It doesn’t seem to matter that you are more than a thousand times more likely to die in a car accident than in a terrorist attack. Regardless of the fact that Americans are more likely to die from a bee sting or drowning in the bath than from terrorism, people are suckers for government propaganda. If the government tells them terrorists are a threat, they usually believe it despite the fact dying or even getting injured in a terrorist attack is at best a remote possibility.

America in 2013 is all about being guilty until proven innocent and the complete evisceration of what the country is supposed to stand for in the pursuit of unobtainable “security”.

Well, with that, I'll be a part of the "see something, say something" campaign right now! I know for a FACT that the CIA is funding Al Qaeda from offshore banks, and the whole "war on terror" is PHONY!!!


by: LOST Nation from: USA
November 30, 2013 12:02 PM
We are a nation of empty people desperately looking for contentment in material things. Zombification of the general public in regard to our consumerist culture and being manipulated by the mass media and global elite to incite our primal animal instincts for products we don’t actually need are prevalent in the sick behaviors at local stores. If people act like this for a gadget you don't need, what will they act like when a staged food shortage by the regime inevitably happens? Rack up your credit card debt, and stand in line with a bunch of soul-less zombies that have lost all perspective on what is important and what is not. TRUTH IS TREASON IN THE AMERICAN EMPIRE OF MATERIALISM. Soon your Almighty dollar will be worth NOTHING, just wait.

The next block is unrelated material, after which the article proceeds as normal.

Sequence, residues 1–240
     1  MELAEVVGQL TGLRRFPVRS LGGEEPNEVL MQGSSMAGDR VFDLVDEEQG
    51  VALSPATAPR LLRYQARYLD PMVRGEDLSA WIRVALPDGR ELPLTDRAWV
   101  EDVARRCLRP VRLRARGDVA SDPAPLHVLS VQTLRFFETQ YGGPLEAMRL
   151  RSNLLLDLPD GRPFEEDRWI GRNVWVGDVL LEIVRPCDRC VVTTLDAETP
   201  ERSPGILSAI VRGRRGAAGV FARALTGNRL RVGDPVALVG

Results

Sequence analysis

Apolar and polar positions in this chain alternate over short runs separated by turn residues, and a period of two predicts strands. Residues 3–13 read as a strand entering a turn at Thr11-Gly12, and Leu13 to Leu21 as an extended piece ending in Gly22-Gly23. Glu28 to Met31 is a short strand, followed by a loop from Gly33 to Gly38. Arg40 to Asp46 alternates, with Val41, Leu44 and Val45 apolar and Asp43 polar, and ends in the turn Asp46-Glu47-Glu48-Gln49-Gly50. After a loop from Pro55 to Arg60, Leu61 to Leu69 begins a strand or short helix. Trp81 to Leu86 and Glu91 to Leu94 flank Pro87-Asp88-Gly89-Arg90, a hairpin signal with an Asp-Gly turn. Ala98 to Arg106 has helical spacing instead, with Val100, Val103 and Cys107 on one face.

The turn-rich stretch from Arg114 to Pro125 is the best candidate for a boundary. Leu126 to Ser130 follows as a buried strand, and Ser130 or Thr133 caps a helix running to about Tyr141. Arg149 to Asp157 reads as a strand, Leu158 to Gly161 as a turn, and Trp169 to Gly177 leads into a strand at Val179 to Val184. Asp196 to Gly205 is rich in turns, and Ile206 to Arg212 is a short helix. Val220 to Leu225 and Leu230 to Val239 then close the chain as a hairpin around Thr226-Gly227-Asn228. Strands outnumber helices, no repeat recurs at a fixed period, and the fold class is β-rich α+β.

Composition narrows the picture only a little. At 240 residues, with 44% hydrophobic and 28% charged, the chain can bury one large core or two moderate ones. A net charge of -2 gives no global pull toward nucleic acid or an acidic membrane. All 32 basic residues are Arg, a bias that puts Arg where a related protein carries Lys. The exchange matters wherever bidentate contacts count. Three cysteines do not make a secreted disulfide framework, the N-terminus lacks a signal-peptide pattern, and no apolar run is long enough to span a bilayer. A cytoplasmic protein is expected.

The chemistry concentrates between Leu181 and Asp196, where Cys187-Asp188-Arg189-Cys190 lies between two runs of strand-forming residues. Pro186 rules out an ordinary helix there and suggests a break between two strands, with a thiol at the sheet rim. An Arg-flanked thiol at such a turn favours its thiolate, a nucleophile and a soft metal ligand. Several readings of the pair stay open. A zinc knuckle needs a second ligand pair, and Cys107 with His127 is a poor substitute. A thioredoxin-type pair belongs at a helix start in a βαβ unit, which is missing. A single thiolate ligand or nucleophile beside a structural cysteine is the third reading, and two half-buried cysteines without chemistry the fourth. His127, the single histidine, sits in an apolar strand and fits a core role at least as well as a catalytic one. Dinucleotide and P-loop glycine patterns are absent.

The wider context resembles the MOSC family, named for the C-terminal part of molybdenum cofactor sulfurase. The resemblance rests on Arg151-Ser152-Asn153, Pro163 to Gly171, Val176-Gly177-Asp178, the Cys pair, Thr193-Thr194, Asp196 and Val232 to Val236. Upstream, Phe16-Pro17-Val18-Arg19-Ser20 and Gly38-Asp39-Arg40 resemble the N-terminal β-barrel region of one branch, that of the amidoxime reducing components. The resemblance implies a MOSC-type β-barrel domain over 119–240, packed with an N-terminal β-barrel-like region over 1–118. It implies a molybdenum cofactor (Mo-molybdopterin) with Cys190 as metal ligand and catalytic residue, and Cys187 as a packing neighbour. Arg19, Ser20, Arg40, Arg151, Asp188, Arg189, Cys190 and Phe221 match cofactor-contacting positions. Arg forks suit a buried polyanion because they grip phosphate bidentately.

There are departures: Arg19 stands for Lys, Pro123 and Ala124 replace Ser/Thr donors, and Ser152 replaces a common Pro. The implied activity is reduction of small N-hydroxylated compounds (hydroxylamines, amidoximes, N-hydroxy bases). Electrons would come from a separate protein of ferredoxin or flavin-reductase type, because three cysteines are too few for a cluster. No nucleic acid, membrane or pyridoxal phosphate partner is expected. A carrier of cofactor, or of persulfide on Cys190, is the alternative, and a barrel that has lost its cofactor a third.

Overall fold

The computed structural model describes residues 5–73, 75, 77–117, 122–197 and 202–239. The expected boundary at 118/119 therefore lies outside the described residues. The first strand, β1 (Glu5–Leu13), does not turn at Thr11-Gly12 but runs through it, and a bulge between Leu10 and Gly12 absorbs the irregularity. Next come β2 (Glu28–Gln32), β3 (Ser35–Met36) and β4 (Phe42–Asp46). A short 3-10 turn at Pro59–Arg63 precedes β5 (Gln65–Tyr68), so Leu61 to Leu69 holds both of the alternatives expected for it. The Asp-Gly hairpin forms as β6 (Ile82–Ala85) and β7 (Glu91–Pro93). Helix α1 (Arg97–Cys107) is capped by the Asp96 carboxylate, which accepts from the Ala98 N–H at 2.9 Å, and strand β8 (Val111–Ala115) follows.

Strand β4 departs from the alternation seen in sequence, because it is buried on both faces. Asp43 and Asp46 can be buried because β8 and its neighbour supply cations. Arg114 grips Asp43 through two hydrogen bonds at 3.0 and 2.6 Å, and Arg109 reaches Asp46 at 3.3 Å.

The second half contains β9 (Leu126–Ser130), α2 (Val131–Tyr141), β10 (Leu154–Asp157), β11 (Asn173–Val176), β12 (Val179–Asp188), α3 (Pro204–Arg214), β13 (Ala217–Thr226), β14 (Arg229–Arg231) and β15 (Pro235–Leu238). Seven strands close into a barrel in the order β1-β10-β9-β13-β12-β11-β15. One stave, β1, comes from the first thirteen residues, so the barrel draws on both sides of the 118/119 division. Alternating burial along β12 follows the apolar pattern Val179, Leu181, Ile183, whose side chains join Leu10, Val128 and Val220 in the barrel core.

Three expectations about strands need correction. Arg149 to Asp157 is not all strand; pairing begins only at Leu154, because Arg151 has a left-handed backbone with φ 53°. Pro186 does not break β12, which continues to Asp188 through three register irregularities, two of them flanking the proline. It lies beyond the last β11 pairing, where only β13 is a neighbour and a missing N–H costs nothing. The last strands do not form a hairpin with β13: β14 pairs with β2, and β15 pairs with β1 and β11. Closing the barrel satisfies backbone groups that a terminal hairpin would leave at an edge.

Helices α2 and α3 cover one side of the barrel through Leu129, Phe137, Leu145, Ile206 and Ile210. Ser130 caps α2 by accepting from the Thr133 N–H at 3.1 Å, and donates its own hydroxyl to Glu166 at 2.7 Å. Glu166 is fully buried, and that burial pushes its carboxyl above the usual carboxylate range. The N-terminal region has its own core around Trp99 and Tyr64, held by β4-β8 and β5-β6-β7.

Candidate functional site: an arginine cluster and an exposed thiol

Featured Videos

Your JavaScript is turned off or you have an old version of Adobe's Flash Player. Get the latest Flash player.
Natural Gas Export Plan Divides Maryland Towni
X
Deborah Block
September 21, 2014 2:12 PM
A U.S. power company that has been importing natural gas now wants to export it. If approved, its plant in Lusby, Maryland, would likely be the first terminal on the United States East Coast to export liquefied natural gas from American pipelines. While some residents welcome the move because it will create jobs, others oppose it, saying the expansion could be a safety and environmental hazard. VOA’s Deborah Block examines the controversy.
Video

Video Natural Gas Export Plan Divides Maryland Town

A U.S. power company that has been importing natural gas now wants to export it. If approved, its plant in Lusby, Maryland, would likely be the first terminal on the United States East Coast to export liquefied natural gas from American pipelines. While some residents welcome the move because it will create jobs, others oppose it, saying the expansion could be a safety and environmental hazard. VOA’s Deborah Block examines the controversy.